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February 6, 2008
PEBBLE BEACH, CALIFORNIA
JOEL SCHUCHMANN: We welcome defending champion Phil Mickelson.
PHIL MICKELSON: I obviously love this week. I love the fact that I won it last year, and I'm excited about the week.
But there's something that's been going on last couple of weeks that has been finalized, and I'm excited to announce today that I've created a partnership with KPMG, and this will be the first week I'm going to be wearing the new hat.
Tim Flynn and John Veihmeyer are with KPMG. Tim is the international chairman, and he's here, as well. This will be our first week together. And I just wanted to share it with you and let everybody know how excited I am. Just real quickly, KPMG has a lot of the same beliefs that I have. They have acted with such professional integrity, and they give back to the community in ways that Amy and I are consistent with, and we try to give back through education as well as through improving the lives of children, and it was just a perfect fit, and I'm excited that we were able to bring this partnership together.
Any questions about the tournament, about KPMG, about the week?
Q. Talk about being defending champion and coming back here and trying to defend your title.
PHIL MICKELSON: I love the Monterey Peninsula. I've loved this tournament. I appreciate it for what it is; it's a special event that brings the game of golf to households that we can't reach with just normal TOUR players, the fact that we have such wonderful CEOs from the greatest companies in the world as well as great celebrities and actors that help us reach a demographic that we couldn't reach without them.
So this is a special week. I also am able to make some great acquaintances and do friendships and relationships. It's a fun week, and I'm excited to be back playing and trying to defend my championship.
Q. You opened in San Diego and played not quite as well I'm sure as you wished. Then you have a tremendous tournament. Are you excited or disappointed in the way the last round went? You caught the guy and then you're beaten in the playoff. Is that a little bit of a downer at the end?
PHIL MICKELSON: I think that when I entered the year, I knew that I was a week or two behind schedule. I had been sick, I hadn't been able to practice, and I was rusty. But I was able to come out and finish sixth, which I thought was a good performance because I improved every day.
Last week was close. I felt like I hit a lot of shots that were good enough to win the tournament, but I hit a lot of shots that cost me the tournament, whether it was a four-putt on 9 or a couple of tee shots in the water.
I had a great practice session with Butch on Tuesday, yesterday, before I came up, and I believe that the subtleties or some of those shots would have been eliminated. I really expect to have a good week. I think this is going to be a great week.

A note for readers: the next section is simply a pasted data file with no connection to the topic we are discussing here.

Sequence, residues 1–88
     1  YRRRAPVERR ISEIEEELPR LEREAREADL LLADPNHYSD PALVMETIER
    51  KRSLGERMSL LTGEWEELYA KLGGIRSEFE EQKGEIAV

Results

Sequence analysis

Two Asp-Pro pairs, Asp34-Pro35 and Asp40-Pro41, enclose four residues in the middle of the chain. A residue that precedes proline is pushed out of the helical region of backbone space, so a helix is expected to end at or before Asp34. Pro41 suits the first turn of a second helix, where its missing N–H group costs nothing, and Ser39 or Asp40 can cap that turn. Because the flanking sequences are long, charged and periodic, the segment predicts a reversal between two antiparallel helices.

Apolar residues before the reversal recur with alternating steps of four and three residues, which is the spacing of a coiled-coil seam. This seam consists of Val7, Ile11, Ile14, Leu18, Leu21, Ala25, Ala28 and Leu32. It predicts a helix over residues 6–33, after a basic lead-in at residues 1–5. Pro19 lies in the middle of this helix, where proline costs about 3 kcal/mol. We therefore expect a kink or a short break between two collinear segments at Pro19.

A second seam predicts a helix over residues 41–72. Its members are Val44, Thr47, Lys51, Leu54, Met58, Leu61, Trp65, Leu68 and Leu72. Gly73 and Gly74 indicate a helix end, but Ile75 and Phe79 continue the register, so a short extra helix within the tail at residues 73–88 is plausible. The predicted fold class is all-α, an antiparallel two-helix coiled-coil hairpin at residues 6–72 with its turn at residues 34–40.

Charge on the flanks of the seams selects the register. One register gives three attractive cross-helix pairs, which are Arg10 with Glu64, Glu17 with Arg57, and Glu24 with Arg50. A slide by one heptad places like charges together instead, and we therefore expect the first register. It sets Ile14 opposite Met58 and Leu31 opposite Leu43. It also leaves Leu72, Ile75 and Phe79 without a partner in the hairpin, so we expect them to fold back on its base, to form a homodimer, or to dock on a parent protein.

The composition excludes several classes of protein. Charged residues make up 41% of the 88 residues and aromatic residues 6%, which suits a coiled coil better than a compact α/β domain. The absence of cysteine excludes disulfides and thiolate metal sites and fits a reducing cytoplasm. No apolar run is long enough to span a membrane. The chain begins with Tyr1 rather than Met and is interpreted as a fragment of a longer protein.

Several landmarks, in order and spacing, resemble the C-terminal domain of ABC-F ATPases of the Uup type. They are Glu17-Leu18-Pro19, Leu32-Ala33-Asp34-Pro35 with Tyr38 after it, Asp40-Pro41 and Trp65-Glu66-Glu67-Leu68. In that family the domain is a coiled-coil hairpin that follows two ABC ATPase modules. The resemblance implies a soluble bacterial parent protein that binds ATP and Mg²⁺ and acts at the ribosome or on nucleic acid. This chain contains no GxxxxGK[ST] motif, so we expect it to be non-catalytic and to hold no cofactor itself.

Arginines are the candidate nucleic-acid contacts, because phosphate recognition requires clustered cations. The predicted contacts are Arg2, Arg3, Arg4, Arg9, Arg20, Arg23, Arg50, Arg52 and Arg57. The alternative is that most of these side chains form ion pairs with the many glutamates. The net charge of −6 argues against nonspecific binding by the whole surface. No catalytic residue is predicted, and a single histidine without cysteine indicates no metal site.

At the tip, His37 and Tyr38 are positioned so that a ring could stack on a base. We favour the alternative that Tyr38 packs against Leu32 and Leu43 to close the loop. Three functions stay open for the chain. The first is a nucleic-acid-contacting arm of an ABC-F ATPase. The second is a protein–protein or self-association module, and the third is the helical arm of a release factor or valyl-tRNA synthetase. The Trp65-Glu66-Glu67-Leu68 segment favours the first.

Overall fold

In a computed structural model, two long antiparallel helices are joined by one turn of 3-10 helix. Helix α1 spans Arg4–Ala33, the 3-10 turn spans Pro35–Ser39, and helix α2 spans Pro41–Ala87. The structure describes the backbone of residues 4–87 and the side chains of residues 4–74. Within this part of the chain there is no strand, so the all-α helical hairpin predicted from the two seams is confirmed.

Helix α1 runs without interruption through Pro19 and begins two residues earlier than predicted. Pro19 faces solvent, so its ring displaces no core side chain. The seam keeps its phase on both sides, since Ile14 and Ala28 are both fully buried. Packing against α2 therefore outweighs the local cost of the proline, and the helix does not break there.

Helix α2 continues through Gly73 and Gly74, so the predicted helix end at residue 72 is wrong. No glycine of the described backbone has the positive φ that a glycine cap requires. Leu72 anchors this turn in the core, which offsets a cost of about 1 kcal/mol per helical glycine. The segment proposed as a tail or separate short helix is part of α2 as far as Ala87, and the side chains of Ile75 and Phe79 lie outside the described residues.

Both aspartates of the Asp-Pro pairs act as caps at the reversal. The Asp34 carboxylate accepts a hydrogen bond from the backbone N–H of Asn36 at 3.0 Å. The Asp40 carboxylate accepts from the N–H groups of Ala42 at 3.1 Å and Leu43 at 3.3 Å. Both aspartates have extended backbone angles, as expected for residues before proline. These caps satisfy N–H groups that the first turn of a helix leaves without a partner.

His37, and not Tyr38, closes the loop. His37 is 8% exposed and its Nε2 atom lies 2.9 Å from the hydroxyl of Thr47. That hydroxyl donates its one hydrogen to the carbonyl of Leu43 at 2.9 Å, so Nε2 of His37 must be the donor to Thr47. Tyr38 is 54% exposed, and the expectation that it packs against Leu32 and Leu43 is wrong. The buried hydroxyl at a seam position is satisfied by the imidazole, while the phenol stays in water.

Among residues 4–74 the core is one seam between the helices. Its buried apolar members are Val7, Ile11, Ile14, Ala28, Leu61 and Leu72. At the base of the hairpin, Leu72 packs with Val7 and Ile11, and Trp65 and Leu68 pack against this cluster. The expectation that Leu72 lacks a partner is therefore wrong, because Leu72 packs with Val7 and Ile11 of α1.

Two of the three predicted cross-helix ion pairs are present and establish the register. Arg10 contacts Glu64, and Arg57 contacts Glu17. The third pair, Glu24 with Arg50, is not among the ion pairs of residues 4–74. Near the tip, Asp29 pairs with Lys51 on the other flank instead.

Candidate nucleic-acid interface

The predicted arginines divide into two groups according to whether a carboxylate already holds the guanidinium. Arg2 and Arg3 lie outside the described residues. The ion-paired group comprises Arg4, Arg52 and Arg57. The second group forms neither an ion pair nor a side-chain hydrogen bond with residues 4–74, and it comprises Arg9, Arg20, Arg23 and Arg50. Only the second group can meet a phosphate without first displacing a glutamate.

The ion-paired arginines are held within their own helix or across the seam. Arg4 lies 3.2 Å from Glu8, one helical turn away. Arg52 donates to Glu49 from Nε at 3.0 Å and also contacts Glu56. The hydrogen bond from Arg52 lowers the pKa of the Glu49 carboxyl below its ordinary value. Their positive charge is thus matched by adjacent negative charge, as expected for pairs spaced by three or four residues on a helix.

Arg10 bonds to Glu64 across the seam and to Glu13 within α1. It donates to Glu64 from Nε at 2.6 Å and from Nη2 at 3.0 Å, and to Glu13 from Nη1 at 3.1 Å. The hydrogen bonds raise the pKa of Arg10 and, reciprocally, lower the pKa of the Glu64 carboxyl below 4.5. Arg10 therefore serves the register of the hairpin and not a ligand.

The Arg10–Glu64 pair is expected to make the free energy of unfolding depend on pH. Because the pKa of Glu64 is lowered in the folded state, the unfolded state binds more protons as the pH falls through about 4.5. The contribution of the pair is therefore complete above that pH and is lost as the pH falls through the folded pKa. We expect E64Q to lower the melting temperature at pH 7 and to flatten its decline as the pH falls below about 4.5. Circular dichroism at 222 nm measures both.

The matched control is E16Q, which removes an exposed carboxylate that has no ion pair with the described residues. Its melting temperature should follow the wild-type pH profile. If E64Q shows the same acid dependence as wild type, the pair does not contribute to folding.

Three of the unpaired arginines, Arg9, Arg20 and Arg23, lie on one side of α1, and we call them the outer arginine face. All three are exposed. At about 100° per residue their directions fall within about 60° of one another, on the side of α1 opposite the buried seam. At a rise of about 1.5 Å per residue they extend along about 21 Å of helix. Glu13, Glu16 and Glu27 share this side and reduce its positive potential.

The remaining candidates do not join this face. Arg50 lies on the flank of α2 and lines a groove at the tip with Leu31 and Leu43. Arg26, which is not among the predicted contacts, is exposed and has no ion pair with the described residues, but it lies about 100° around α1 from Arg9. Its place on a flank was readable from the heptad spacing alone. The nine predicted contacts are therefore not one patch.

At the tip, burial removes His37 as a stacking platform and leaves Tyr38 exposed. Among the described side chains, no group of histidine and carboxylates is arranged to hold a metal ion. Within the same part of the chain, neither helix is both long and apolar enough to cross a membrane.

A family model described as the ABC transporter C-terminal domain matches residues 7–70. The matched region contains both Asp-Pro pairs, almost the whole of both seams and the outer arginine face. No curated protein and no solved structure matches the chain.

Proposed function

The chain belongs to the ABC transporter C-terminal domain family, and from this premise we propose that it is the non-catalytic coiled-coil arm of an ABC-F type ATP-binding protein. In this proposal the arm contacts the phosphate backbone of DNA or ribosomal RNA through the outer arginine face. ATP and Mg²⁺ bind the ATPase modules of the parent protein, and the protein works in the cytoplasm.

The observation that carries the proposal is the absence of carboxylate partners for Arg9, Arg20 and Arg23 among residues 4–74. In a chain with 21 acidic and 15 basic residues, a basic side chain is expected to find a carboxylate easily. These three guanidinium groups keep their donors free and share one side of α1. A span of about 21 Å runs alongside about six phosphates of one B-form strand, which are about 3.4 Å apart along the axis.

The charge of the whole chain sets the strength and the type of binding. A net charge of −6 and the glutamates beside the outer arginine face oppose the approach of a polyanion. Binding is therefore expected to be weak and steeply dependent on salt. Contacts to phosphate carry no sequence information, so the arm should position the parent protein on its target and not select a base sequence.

Q. I read about it, but would you explain what happened with the breathing problem? Was it something where you worked after the fire and you breathed in smoke and congestion or what?
PHIL MICKELSON: I don't think it was related to the fires or my trip overseas. I think it was just a timeline around it. They were sharing the same timeline.
But it was apparently bronchitis. I did some chest X-rays and I had a bunch of stuff in my lungs and had a hard time breathing. I think my kids are getting it, too, so we're going to try to get rid of it for them, and they've been coughing a bunch, as well. For three months it just hadn't gone away until I was on a very strong antibiotic that kind of wiped it out.
Q. Does that mean your kids will be unavailable to run across the 18th green when you win?
PHIL MICKELSON: They might have to run a little slower just so they can catch their breath. I think for me as a parent that's one of the coolest experiences because I use that as kind of a timeline for their development, and as I look back on pictures, I say, oh, I can't believe they were that little, or wow, I won that tournament and Evan wasn't even born. It's kind of been a timeline for our family.
Q. Think what it'll be like in 2022 when they're college age.
PHIL MICKELSON: Yeah, but fortunately we have so many great photographers that have been able to capture those moments in time and I'll cherish them.
Q. For many years Mark O'Meara was the king of this place. Are you now some royalty here after doing so well here?
PHIL MICKELSON: He's got five wins out here, man. That's pretty majestic from a king's standpoint. I'm not there yet, but maybe one more I can start to challenge him.
Q. You've got three.
PHIL MICKELSON: I've got three. I need to get a fourth to get close enough to challenge him.
Q. We're supposed to have really beautiful weather. How does that change your game plan walking into a tournament when it's going to be bright and sunny as opposed to some years in the past when it's been less sunny and windy? How does that change your game plan the night before?
PHIL MICKELSON: Well, first of all, the last four years we've had great weather here. I don't think we've had any delays. We've gotten very fortunate with the weather. And it's been great for the tournament. In fact, I just saw AT&T re-upped for five more years, which is fabulous. They've been a great sponsor for the event.
I don't think it changes the game plan how we approach the golf or how we approach the tournament. I just think we're going to enjoy the week, and I think Pebble Beach will be showcased as the beautiful spot that it is, whereas a lot of times with the weather people shy away and say, gosh, it's always raining there, I don't want to go there. When they see how beautiful it's going to be this weekend, I think a lot of people will come out here on vacation.
Q. Going back and thinking about every shot on every hole, do you really do that?
PHIL MICKELSON: I never said that. That's Tiger.